The Evolution of Putinism: Constitutional Change and Regime Stability
Join the Wilson Center's Kennan Institute for an online talk with several experts on their essays regarding national institutions, elites, governance and state-society relations in Russia.
The initial discussion of Russia’s 2020 constitutional reform focused on the “zeroing” provision that allows President Putin to pursue two more terms in office. Yet, the far-reaching changes also lay the groundwork for Putinism 4.0. To understand these longer-term implications of constitutional reform, The Kennan Institute asked nine experts to write essays from the perspective of national institutions, elites, governance, and state-society relations for the April 2021 issue of the journal Russian Politics. In this panel, the authors will briefly outline their arguments and then open the floor for questions.
RSVP is requested; information can be found at this link.
Fabian Burkhardt, research fellow, Leibniz Institute for East and Southeast European Studies
Vladimir Gelman, professor, European University at St. Petersburg and the University of Helsinki
J. Paul Goode, McMillan Chair of Russian Studies, Institute of European, Russian, and Eurasian Studies (EURUS), Carleton University; editor-in-chief, Communist and Post-Communist Studies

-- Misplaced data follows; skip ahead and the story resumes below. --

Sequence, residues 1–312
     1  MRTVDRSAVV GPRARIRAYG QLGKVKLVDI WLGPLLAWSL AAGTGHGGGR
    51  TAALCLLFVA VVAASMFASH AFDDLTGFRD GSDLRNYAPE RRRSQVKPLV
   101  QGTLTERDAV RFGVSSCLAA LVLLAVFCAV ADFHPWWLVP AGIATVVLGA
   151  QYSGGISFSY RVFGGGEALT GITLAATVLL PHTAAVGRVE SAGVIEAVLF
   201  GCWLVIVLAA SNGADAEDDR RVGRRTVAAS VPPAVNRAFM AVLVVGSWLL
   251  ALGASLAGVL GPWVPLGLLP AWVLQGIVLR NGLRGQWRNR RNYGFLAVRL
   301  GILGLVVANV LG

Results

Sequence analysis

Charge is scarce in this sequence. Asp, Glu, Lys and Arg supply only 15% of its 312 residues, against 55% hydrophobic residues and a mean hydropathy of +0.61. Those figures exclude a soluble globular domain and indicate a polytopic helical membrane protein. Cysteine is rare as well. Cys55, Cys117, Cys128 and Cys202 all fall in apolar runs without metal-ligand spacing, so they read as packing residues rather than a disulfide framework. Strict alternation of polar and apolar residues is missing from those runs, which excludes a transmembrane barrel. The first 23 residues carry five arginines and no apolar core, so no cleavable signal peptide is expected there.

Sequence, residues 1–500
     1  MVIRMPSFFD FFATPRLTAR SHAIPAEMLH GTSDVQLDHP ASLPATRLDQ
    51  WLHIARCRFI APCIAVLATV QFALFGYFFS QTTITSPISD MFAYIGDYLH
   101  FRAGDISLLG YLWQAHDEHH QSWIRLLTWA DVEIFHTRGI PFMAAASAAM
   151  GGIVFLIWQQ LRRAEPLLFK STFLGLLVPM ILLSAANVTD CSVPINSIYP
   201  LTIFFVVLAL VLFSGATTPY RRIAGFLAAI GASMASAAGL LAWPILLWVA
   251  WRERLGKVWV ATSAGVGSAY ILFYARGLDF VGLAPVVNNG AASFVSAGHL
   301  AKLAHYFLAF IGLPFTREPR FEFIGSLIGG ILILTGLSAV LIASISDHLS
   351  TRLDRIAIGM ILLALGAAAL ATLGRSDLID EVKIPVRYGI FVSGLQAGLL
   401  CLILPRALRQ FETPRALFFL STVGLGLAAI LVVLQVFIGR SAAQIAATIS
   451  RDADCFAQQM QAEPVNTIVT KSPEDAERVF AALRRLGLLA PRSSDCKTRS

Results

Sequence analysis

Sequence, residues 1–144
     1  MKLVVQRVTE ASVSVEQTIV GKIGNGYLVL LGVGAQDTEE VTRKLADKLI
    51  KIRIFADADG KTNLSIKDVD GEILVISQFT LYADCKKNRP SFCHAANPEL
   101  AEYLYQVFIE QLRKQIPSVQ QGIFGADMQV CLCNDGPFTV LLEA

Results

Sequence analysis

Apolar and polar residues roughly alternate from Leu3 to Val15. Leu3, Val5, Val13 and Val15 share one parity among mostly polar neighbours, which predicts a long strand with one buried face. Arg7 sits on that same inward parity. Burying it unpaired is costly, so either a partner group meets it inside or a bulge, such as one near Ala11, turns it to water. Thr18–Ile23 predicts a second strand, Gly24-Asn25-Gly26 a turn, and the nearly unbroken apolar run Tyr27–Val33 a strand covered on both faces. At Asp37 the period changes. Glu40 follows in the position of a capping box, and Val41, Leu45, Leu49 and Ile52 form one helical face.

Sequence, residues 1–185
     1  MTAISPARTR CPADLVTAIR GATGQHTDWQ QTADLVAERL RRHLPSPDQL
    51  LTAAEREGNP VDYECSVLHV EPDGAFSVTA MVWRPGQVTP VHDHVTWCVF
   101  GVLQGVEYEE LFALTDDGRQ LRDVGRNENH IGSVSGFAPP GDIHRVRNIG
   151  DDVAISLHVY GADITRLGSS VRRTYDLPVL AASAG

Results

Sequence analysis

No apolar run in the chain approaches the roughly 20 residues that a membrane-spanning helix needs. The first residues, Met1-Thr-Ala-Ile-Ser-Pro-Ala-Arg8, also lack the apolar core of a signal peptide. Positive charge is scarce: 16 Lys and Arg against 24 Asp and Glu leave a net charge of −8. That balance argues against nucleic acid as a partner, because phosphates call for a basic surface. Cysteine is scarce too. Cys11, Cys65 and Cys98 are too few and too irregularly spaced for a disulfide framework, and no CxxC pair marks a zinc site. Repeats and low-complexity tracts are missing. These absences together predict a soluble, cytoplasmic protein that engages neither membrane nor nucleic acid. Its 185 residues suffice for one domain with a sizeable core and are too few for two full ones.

Ivan Grigoriev, associate professor, department of political science and world politics, Higher School of Economics, St. Petersburg
Ben Noble, assistant professor, University College London School of Slavonic and East European Studies; associate fellow, Chatham House; senior research fellow, Higher School of Economics, Moscow
Nikolai Petrov, senior research fellow, Russia and Eurasia Programme, Chatham House; professor, political science, Higher School of Economics in Moscow
Sarah Wilson Sokhey, associate professor, department of political science, University of Colorado (Boulder); faculty associate, Institute of Behavioral Science; associate fellow; International Center for the Study of Institutions and Development, Higher School of Economics
Regina Smyth, professor of political science, Indiana University